0904 Joiners Shop Img_23771

0904 Joiners Shop Img_23771

0904 Joiners Shop Img_23771

23771 “Joiner’s shop” sign Monticello – Home of Thomas Jefferson, 931 Thomas Jefferson Parkway, Charlottesville, Charlottesville City, VA. May 14, 2019. Decimal Degrees: 38.004422, -78.455195

“Joiner’s shop”

“Jefferson’s Elaborate design for Monticello could not have been achieved without the superior craftsmanship of hired free and enslaved woodworkers working closely together. Joiners, the most skilled, produced Monticello’s classically inspired woodwork as well as furniture. What Jefferson called a ‘joiner’s shop’ provided work space for these craftsmen and their many valuable tools. After the main house was mostly finished, the hired white joiners departed and enslaved joiners succeeded them. John Hemmings and other enslaved joiners made furniture for Monticello as well as for Jefferson retreat at Poplar Forest. Like other wood structures on Mulberry Row, the ‘joiner’s shop’ fell into ruin after Jefferson’s death in 1826.”

“Free Joiners”

“Skilled joiners were hard to find. Of the 18 free woodworkers Jefferson hired between 1770 and 1823, only five were joiners. Jefferson brought recent Irish immigrants James Dinsmore and John Neilson from Philadelphia – they proved to be the most talented of the hired joiners. At Monticello, the trained enslaved craftsmen and together made most of the woodwork in the house. Dinsmore and Neilson, with other carpenters and masons who worked at Monticello or the University of Virginia, went on to build some of the region’s finest houses and public buildings.”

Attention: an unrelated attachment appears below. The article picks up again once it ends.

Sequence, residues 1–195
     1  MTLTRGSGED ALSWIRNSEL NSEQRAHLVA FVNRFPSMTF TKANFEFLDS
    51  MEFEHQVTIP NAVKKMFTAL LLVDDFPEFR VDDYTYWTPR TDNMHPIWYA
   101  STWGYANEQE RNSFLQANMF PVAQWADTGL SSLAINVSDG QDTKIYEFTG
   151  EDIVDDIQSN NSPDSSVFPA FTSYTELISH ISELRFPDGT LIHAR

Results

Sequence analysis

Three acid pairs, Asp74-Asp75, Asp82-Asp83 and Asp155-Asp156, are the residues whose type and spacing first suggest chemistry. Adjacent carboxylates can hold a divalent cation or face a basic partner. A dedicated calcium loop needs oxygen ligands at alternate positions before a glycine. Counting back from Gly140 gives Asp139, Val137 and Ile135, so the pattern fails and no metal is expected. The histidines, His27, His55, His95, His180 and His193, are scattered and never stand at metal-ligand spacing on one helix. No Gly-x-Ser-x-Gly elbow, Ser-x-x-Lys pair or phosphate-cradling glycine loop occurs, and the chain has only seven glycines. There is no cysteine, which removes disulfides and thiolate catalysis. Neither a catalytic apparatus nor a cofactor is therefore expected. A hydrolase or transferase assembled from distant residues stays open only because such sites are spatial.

“Enslaved Joiners”

“Jefferson identified seven of his enslaved workers as carpenters. Besides their work on the house, they carried out much of the construction across the plantation – building fences and small log structures, splitting rails, and making shingles. John Hemmings and Lewis (last name unknown) became accomplished joiners. Lewis, who specialized in turning wood, produced all 212 neoclassical balusters encircling Monticello’s roof. John Hemmings made furniture, produced the interior woodwork for Poplar Forest, and built the wooden body of Jefferson’s landau carriage.”

Upper middle in brown print:
“a joiner’s shop, 57 feet by 18 feet, the under pinning and chimney of stone, the roof of wood, one story high’ Thomas Jefferson, 1796”

Under upper left sketch:
Jefferson’s ca. 1776 plan for a joiner’s shop, confirmed by archaeological and architectural evidence, informed the digital reconstruction of the ‘joiner’s shop.”

Below lower left ruler:
“Archaeologists found this ruler at the ‘joiner’s shop.’ Woodworking and making furniture require precise measurement, joiners used rules and other measuring devices for their crafts.”

Beneath upper right photograph:
“The Carpenter’s Shop by John Hill, 1813. Early 19th -century carpenter shops were typically large, roughly finished rooms filled with workbenches, planes, hammers, saws, augers, chisels, and other woodworking tools.”

Besides self:
“Dumbwaiters held soiled and clean plates, food, and drink in Jefferson’s dining rooms after he returned from France. The dumbwaiters Jefferson ordered in Philadelphia in the early 1790s, inspired this walnut example attributed to John Hemmings”

Beside lower right baluster:
“Lewis turned this black locust baluster by using the ‘great wheel’ lathe in the ‘joiner’s shop’ around 1808. It was one of hundreds he made for Monticello II.”

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